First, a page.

It's becoming increasingly clear the U.S. House of Representatives knows what it wants to do in regards to federal privacy legislation — the only certainty that's shown up in this fast-moving legislative process is the House's willingness to work across the aisle and press forward.
This unity and desire mostly showed through again Thursday as the House Committee on Energy and Commerce Subcommittee on Consumer Protection and Commerce unanimously voted to move the American Data Privacy and Protection Act to a full committee markup. The subcommittee unanimously accepted the "amendment in the nature of a substitute" offered by Energy and Commerce Committee Chair Frank Pallone, D-N.J., prior to the vote to move legislation and released for public consumption Wednesday evening. The AINS is a slightly modified version of the formally introduced bill that made changes to the original discussion draft.
IAPP Managing Director, Washington, D.C., Cobun Zweifel-Keegan, CIPP/US, CIPM, analyzed the three versions of the bill to date and noted the newest changes from the AINS relate to the private right of action, including language adjustments around types of damages a plaintiff can receive and a prohibition on arbitral or administrative pre-dispute joint action waivers for people of any age. The changes adopted at formal introduction and retained through the AINS include service providers removed as covered entities, increased requirements for algorithmic assessments, dialed back categories of sensitive data and new exceptions.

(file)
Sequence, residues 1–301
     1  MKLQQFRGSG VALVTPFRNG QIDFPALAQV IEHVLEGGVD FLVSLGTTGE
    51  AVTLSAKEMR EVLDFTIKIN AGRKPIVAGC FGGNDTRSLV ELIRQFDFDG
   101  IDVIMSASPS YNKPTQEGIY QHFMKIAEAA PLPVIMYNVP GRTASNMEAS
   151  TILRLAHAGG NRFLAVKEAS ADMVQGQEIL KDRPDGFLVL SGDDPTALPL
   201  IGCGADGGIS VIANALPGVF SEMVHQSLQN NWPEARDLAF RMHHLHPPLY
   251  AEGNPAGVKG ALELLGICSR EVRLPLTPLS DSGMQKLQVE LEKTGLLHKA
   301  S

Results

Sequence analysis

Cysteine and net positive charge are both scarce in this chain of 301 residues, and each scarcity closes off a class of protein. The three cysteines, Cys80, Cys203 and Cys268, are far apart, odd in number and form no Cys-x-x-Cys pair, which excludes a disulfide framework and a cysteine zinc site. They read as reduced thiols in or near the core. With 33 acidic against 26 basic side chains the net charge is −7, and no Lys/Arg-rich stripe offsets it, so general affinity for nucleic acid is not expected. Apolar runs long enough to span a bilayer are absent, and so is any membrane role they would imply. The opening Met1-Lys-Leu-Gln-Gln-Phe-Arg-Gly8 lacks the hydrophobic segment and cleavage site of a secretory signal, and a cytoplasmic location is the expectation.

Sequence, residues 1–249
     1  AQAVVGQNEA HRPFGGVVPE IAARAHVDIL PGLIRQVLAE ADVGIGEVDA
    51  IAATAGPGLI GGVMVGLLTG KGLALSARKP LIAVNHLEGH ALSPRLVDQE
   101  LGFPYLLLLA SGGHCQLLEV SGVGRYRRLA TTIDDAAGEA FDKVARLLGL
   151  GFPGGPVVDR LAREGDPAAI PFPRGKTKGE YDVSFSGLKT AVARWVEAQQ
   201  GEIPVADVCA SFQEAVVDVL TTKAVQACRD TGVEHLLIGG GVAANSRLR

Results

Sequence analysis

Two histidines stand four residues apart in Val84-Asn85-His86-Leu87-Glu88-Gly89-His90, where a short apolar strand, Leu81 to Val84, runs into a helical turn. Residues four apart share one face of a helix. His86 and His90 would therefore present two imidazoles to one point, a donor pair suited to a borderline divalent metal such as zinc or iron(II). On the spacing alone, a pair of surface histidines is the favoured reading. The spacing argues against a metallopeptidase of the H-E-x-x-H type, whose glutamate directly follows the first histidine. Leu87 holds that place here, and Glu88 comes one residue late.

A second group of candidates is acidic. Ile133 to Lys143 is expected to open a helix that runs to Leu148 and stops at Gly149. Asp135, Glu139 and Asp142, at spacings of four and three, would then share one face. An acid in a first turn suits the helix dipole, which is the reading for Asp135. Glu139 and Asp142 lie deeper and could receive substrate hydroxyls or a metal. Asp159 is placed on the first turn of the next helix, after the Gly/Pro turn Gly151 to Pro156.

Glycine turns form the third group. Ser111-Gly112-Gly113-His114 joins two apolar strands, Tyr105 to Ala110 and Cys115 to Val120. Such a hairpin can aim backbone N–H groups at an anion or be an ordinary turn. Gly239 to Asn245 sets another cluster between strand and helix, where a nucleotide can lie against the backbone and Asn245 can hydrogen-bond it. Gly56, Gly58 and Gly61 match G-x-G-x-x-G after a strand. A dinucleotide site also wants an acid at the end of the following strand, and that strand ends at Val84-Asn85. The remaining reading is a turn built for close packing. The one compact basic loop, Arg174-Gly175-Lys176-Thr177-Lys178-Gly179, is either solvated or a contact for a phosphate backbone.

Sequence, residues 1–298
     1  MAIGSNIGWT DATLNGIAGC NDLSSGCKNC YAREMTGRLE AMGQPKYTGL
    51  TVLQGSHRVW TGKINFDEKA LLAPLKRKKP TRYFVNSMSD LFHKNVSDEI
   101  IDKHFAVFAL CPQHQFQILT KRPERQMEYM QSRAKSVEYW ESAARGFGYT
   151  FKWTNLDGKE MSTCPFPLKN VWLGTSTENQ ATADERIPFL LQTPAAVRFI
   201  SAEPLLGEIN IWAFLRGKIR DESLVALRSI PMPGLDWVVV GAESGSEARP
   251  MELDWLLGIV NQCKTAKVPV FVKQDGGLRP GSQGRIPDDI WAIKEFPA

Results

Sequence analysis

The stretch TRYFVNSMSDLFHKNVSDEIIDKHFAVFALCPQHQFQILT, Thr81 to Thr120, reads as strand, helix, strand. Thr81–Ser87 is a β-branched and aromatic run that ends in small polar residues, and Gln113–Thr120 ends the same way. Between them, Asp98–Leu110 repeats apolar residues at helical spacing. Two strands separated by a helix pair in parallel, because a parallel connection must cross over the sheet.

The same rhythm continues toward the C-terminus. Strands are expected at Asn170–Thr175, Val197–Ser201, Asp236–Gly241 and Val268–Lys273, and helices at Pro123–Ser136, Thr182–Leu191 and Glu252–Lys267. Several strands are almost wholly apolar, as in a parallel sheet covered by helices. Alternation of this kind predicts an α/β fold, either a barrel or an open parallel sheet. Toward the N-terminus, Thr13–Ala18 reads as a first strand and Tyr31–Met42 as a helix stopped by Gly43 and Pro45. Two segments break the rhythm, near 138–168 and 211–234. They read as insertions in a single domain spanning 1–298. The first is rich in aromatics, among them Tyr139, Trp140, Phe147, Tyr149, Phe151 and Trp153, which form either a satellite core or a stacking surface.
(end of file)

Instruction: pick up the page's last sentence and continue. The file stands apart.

"This markup will add to the growing momentum toward delivering for the American people, in federal law, fundamental digital protection rights," Subcommittee Chair Jan Schakowsky, D-Ill., said. She added "perfect won't be the enemy of the good" as Congress moves this bill and highlighted the "strong enforcement mechanisms" it includes. Both points contrast with the views of U.S. Senate Committee on Commerce, Science, and Transportation Chair Maria Cantwell, D-Wash., a key holdout on the three-corners bill who came out with flat opposition prior to the subcommittee markup.
Preemption, PRA in focus again